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Father and son


The parties had two teenage children, B, aged 14, and E, aged 13. The children had a broken relationship with the father. An Order for reunification was made on the consent for the children and the father but the relationship between them did not improve. After the conclusion of reunification counseling, both children began personal counseling. Both children were considered vulnerable, with E at an elevated risk given her gender transition.

The primary issue facing the court pertained to the father’s motion to have the medical records of the children produced before the court. Although the father did not specify the legal basis behind his request, he tied the production to the correct disposition of the litigation, citing his right to information under section 20(5) of the Children’s Law Reform Act (“CLRA”).

The Father specifically requested that the medical records of the following service providers be produced:

  1. Dr. F, the children’s psychologist that provided reunification counseling to the children;

  2. Catholic Family Services of Durham (“CFSD”), who provided counseling to the children following

    the conclusion of reunification counseling;

  3. Dr. B, a physician who the Father claimed to be administering E’s “hormone therapy”;

  4. The Scarborough Health Network, Centenary Site, Child & Adolescent Shoniker Clinic (“the

    Shoniker Clinic”) which the Father believed to be providing counseling to E regarding her gender identity

The children refused to provide their consent to the production of their medical records.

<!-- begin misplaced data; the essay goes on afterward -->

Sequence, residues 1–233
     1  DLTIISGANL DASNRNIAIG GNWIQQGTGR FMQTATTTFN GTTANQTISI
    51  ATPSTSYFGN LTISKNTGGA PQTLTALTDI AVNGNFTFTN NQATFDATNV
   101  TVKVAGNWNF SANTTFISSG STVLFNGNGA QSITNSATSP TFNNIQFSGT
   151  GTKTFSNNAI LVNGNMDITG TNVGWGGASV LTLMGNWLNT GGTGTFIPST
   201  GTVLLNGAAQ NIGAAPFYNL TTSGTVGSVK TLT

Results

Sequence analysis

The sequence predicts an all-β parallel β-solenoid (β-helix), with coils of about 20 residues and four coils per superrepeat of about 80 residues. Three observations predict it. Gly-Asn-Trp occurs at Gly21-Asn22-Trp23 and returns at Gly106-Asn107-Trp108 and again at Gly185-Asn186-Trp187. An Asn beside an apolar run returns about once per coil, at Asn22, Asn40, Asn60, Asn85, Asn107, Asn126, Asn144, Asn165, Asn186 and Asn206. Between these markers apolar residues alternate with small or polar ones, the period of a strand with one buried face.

In his decision, Justice Finlayson assessed the intersectionality of the Father’s right to information under the CLRA, the children’s right to refuse consent for the production of their own medical records under the Personal Health Information Protection Act (“PHIPA”), as well as considerations under the Health Care Consent Act (“HCCA”).


Justice Finalyson’ began by highlighting that there was no general right to another individual’s personal health information under the PHIPA. While a parent may have a right to their children’s health information under family law, this is not a guarantee under PHIPA.

If an individual, even a child, is found to be capable of consenting by their medical service provider, then that individual may give or withhold consent for the disclosure of their health information. However, there are exceptions. If a child is under 16, a parent may give or withhold consent on their behalf, if the treatment is within the meaning of the HCCA, and the child themselves made a decision on their own. Further, a ‘parent’ under this exception does not include a person who only has a “right of access”

to the child. In the event of a conflict between the child’s decision and that of a substitute decision-maker, the child’s decision prevails.